Radovan Karadzic continued his cross-examination of the prosecution military expert Ewan Brown. Karadzic insisted that in 1992 he personally sent a number of appeals and orders to protect non-Serb civilians. The witness said that ‘sending documents is one thing, and implementing them is something entirely different’. Karadzic’s motion for the adjournment of his trial for one month was rejected

Ewan Brown, witness at the Radovan Karadzic trialEwan Brown, witness at the Radovan Karadzic trial

Former Republika Srpska president Radovan Karadzic claimed in the cross-examination of Ewan Brown that from April to December 1992 he issued about 20 appeals and orders to protect non-Serb civilians. Karadzic objected that the witness didn’t take those documents into consideration when he wrote his expert analysis on the military situation in the Bosnian Krajina in 1992.

Brown was not aware of Karadzic’s appeals and orders, but he noted that when he went through the 1st Krajina Corps documents he noticed that some of them speak about respecting the Geneva Conventions; he mentioned this fact in his report. ‘However, sending documents is one thing, and implementing them is something entirely different’, the witness stated.

Karadzic showed the witness the letter he sent to the UN Secretary General Boutros-Ghali on 13 June 1992. In the letter, Karadzic notes that the RS authorities ‘renounce’ the paramilitary groups that refused to be put under the VRS command. According to the witness, this letter reflected the policy whereby paramilitary groups were acceptable for as long as they were willing to be under the control of the Serb authorities. The letter didn’t state that the paramilitary groups should be prosecuted for crimes they committed, the witness said.

The witness listed several incidents in which the perpetrators were identified, according to the documents of the 1st Krajina Corps he had analyzed yet no measures were taken against them. Brown mentioned the example of Lieutenant Bozidar Popovic, commander of the Manjaca prison camp, who was never prosecuted, although ‘everybody knew’ that the conditions in the prison camp were horrible and that terrible things happened there, including beatings and killings of prisoners.

Karadzic argued that in the Sana River valley – in Prijedor, Sanski Most and Kljuc – in May 1992 Muslim forces carried out ‘synchronized attacks’ on the Serb army and civilians. Only after the Muslims ‘attacked them from the back’ did the army join in the combat operations, Karadzic said. The witness was adamant that in mid-April and in May 1992 the Serb forces seized power in those municipalities in line with the SDS plans and the conclusions of the Serb Assembly from late March 1992. As the witness said, a series of actions in which the non-Serb population was disarmed ensued; the purpose was to establish full control of the territory. The 1st Krajina Corps took part in those actions.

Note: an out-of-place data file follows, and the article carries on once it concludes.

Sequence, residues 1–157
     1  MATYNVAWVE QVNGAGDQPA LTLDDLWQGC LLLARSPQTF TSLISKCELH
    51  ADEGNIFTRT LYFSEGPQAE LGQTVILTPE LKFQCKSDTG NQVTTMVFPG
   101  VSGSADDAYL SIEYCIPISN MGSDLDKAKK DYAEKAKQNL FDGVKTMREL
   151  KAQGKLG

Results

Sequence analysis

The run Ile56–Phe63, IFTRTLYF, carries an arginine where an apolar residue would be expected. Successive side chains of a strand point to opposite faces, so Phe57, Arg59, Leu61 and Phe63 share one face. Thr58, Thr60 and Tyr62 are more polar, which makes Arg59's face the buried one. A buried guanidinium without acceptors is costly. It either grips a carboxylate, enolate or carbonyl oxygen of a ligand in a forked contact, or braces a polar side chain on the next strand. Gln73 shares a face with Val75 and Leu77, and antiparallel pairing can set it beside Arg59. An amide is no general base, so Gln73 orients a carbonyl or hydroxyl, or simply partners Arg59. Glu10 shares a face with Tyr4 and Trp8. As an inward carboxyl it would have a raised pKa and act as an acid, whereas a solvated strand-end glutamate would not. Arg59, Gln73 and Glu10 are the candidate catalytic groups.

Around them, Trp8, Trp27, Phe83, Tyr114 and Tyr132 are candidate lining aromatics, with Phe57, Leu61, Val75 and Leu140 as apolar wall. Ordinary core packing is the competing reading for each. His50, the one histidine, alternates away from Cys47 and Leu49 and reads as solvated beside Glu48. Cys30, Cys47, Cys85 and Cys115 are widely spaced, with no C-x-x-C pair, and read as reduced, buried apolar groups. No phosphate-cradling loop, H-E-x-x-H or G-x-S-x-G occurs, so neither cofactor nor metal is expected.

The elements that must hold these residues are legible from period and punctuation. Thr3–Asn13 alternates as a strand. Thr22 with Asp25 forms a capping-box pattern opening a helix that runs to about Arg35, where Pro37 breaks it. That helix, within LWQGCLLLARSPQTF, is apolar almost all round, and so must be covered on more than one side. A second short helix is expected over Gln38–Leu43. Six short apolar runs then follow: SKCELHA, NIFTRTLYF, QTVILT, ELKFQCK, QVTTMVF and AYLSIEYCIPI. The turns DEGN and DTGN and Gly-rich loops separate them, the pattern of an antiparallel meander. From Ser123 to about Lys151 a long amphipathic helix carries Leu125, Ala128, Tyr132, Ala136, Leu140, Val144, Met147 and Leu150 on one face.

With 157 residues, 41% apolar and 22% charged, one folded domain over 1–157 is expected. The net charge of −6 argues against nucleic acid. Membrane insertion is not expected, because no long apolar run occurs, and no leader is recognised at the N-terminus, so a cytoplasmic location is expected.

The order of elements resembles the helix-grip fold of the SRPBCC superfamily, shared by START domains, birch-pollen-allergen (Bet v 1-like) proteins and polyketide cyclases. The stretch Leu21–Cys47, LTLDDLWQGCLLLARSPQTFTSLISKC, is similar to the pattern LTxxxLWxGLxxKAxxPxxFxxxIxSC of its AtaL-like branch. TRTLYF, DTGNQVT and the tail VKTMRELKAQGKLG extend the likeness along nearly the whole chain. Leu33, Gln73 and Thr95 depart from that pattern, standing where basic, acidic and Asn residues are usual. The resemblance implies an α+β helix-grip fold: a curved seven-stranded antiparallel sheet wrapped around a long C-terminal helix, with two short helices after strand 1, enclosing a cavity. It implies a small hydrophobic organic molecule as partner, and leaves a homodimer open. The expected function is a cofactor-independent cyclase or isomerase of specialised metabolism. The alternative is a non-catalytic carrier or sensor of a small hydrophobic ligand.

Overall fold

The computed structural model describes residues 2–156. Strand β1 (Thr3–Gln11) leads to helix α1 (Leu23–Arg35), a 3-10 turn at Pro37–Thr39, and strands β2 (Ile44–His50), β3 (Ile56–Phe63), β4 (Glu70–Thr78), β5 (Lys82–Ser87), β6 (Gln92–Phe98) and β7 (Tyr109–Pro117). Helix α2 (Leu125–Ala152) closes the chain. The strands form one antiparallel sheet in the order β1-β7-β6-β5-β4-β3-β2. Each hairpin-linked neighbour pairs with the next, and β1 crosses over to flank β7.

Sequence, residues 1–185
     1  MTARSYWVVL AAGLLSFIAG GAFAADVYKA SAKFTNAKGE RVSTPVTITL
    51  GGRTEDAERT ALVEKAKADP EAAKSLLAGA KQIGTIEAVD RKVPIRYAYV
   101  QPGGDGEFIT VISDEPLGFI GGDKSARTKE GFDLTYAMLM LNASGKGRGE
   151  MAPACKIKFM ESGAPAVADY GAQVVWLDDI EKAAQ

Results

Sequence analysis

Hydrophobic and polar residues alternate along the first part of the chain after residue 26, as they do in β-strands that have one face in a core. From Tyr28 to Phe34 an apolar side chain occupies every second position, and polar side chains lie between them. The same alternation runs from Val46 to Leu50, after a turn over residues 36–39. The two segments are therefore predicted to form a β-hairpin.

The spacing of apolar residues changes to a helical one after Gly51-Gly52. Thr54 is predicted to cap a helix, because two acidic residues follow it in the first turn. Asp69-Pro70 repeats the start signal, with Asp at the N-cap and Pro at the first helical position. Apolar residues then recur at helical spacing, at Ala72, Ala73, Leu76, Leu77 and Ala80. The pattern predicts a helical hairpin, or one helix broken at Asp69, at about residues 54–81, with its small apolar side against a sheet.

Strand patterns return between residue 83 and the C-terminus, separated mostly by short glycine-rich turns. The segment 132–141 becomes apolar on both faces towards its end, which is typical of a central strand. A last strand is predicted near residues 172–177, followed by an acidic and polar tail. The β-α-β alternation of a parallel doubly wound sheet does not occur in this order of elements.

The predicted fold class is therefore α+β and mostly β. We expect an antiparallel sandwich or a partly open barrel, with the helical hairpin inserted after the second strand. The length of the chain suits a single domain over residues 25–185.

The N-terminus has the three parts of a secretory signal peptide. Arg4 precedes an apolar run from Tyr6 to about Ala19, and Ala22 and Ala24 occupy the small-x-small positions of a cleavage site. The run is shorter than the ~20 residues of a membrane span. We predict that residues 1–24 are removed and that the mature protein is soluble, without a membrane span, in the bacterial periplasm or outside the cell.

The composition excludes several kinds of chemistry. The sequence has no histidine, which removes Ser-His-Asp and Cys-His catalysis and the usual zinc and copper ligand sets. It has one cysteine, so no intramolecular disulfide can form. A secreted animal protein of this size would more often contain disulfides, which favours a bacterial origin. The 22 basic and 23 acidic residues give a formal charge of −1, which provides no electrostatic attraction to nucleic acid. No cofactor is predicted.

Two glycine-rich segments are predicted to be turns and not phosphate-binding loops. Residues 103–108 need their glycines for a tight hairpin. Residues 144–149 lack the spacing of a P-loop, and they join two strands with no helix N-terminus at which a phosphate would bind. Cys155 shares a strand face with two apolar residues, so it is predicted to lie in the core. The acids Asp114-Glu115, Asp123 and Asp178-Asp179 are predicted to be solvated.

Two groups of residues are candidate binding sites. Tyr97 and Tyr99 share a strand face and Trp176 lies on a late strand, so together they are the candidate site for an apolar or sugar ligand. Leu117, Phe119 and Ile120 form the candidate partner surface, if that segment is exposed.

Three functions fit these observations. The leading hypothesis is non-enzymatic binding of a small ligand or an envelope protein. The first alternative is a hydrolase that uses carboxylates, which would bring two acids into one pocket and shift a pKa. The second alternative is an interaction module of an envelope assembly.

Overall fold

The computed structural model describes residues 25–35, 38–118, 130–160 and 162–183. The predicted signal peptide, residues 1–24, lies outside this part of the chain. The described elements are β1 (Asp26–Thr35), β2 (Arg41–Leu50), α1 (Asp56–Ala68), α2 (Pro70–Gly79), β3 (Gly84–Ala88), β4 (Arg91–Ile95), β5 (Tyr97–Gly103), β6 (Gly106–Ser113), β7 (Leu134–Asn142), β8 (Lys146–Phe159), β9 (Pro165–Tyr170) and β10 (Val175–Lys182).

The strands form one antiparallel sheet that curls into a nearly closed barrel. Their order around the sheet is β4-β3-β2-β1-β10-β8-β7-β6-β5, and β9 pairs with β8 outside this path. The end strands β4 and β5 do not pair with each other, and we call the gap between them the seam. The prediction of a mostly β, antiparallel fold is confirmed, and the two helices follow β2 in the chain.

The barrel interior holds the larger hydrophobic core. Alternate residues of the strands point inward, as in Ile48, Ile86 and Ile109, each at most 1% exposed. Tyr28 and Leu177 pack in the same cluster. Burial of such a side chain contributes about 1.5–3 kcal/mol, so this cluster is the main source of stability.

Karadzic will continue cross-examining the prosecution military expert Ewan Brown tomorrow, after the testimony of another protected prosecution witness.

In the meantime, the Trial Chamber dismissed Karadzic’s motion for the adjournment of the trial for one month before the prosecution starts calling evidence on the genocide in Srebrenica. Karadzic asked for the adjournment in order to review the relevant documents which were disclosed to him with delay by the prosecution in late 2010 and early 2011.

In its decision, the Trial Chamber found that Karadzic failed to explain why he hadn’t already reviewed the documents that had been in his possession for almost a year. The Trial Chamber also noted the trial had been adjourned for nine weeks from March to May 2011, and the accused was supposed to have gone through the documents that had been disclosed to him with delay, including the documents about Srebrenica.